If you're of African-Caribbean ancestry, you may also be financially disadvantaged at the start of your career 

Several of those we spoke to highlighted the need to differentiate between black Africans and people of black Caribbean ancestry. "Most black people in banking are Africans," observed a former trader. "The're very frequently born and raised in Africa and are generally from an affluent/privileged background. Their experience may not chime with the Black Caribbean people from British state schools."

One banker who grew up in Africa and came to school in the UK aged 16 observed that he'd been hired to cover African clients and that this is his niche. "If you're part of an ethnic minority and you grew up in the U.K. outside of a middle class family, you're competing for jobs against people who are likely higher in the British class structure than you and who may look more similar to the clients being covered."

Without family support it can be harder to navigate the politics 

The ex-trader said his family were supportive of him staying in banking (he quit to do something else) but because none of them had navigated the industry themselves, it was hard for them to provide detailed advice. "The first and second years in banking are very tough workwise. If no one in your family can act as a mentor it can be very hard." The same problem exists for white students of lower socioeconomic backgrounds, he points out.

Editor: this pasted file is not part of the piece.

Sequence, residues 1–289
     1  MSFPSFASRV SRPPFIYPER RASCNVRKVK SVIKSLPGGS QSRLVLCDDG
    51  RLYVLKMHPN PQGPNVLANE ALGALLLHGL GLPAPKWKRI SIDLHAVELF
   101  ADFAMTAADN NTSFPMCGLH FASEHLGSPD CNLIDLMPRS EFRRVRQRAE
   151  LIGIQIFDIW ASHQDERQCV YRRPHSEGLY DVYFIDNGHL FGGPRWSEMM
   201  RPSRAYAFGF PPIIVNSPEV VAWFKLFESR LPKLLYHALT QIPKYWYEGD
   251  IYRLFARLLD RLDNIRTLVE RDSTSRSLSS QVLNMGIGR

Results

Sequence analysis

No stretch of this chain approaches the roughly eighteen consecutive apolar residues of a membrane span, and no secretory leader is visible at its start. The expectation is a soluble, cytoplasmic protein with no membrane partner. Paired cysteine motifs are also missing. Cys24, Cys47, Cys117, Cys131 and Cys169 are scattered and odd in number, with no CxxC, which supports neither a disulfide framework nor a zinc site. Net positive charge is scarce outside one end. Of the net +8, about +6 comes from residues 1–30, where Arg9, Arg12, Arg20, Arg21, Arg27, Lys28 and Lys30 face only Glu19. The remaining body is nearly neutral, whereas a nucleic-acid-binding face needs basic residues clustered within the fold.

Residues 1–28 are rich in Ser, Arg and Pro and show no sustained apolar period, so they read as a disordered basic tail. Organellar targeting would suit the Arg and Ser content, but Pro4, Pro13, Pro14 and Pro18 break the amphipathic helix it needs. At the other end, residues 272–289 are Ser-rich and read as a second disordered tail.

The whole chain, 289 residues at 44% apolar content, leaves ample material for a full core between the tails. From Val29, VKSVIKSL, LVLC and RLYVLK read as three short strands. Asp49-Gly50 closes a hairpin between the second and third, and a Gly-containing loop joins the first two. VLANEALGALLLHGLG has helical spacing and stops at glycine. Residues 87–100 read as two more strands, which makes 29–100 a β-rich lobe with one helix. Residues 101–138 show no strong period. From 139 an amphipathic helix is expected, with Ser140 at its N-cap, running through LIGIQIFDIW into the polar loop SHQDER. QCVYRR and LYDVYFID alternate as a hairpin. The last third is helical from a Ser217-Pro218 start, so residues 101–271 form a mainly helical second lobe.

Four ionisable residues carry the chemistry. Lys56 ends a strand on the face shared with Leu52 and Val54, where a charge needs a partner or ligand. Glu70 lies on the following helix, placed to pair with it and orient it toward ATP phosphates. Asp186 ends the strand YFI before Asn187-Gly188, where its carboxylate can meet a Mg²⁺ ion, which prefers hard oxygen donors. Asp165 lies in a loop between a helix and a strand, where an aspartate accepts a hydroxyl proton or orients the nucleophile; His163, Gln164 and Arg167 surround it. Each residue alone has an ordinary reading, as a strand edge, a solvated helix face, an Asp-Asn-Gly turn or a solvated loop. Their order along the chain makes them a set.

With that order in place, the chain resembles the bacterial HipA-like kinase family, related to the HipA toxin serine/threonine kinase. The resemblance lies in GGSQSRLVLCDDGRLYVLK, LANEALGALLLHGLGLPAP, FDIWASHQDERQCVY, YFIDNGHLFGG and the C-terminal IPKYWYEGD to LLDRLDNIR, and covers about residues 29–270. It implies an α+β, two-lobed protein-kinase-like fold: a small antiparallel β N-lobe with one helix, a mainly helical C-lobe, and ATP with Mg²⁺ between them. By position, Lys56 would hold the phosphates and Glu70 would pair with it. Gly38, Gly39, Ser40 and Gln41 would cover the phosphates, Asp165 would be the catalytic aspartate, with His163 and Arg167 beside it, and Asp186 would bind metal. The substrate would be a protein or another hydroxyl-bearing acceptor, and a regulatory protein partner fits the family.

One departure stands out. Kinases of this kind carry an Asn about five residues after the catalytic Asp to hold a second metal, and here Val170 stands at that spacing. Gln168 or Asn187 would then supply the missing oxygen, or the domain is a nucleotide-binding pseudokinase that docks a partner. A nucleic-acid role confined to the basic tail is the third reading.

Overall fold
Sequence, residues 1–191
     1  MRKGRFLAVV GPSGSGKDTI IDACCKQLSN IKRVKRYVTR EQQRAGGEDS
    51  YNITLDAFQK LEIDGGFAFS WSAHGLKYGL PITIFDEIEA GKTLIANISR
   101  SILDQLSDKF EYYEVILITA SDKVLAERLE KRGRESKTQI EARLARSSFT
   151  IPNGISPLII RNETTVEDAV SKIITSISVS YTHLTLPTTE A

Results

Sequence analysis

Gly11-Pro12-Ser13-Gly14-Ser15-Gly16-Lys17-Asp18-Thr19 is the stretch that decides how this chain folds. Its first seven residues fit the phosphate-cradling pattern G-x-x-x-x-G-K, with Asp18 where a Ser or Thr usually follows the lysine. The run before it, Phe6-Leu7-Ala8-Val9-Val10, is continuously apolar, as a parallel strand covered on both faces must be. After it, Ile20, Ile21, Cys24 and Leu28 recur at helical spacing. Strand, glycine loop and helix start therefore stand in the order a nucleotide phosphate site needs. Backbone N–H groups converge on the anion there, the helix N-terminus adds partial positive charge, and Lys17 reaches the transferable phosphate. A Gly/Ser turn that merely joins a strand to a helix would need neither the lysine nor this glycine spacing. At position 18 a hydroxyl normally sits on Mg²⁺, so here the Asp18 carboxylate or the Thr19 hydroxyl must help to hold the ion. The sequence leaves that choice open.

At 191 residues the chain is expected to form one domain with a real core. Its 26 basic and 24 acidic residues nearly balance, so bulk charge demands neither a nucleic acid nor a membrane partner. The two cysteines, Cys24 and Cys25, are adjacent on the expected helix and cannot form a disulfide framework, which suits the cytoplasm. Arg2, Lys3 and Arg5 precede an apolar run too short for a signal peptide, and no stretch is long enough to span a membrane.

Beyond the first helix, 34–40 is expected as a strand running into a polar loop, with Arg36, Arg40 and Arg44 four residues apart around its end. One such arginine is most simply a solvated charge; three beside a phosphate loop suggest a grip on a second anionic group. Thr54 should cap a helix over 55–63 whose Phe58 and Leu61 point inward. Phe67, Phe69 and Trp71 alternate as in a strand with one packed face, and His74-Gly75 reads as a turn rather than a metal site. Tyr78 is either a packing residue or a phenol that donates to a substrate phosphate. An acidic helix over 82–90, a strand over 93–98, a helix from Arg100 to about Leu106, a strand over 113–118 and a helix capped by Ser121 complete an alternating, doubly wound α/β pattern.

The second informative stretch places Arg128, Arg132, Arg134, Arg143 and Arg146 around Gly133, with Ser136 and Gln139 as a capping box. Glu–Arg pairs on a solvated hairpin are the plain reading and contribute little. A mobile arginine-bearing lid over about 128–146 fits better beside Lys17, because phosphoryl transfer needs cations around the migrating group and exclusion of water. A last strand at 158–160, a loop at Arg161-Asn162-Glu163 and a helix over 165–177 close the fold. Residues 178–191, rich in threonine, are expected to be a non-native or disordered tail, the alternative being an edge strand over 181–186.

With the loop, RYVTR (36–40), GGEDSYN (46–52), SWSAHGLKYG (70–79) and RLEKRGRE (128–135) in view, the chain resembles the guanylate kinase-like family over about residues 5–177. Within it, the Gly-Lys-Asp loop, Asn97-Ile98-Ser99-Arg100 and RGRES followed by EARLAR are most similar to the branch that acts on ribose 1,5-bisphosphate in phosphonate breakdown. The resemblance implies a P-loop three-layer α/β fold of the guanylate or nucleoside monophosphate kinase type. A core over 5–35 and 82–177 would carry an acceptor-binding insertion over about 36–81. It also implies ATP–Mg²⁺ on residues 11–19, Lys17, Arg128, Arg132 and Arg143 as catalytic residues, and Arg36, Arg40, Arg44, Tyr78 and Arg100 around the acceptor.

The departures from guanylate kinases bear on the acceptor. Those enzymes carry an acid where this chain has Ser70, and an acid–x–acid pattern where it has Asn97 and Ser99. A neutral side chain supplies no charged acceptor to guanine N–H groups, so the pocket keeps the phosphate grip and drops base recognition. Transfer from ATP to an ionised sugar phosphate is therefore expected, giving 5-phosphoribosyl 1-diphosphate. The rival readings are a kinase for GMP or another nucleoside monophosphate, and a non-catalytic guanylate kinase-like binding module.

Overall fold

Black bankers have to work harder to get ahead

One mid-ranking banker says that as a junior he had to work harder than others just to achieve recognition, and that senior bankers in his team then blamed him rather than colleagues for issues that were not his fault. "I have a high threshold for working long hours, but I was working 100 hour weeks and I was completely exhausted," he says. "It was the hardest I've worked in my life and it was emotionally draining because I was being unfairly targeted. Usually I will work hard and my work speaks for itself. But in this case I was battling prejudice."

Ultimately, he found a new job elsewhere.

Have a confidential story, tip, or comment you’d like to share? Contact: sbutcher@efinancialcareers.com in the first instance. Whatsapp/Signal/Telegram also available. Bear with us if you leave a comment at the bottom of this article: all our comments are moderated by human beings. Sometimes these humans might be asleep, or away from their desks, so it may take a while for your comment to appear. Eventually it will – unless it’s offensive or libelous (in which case it won’t.)

Photo by Haydn Golden on Unsplash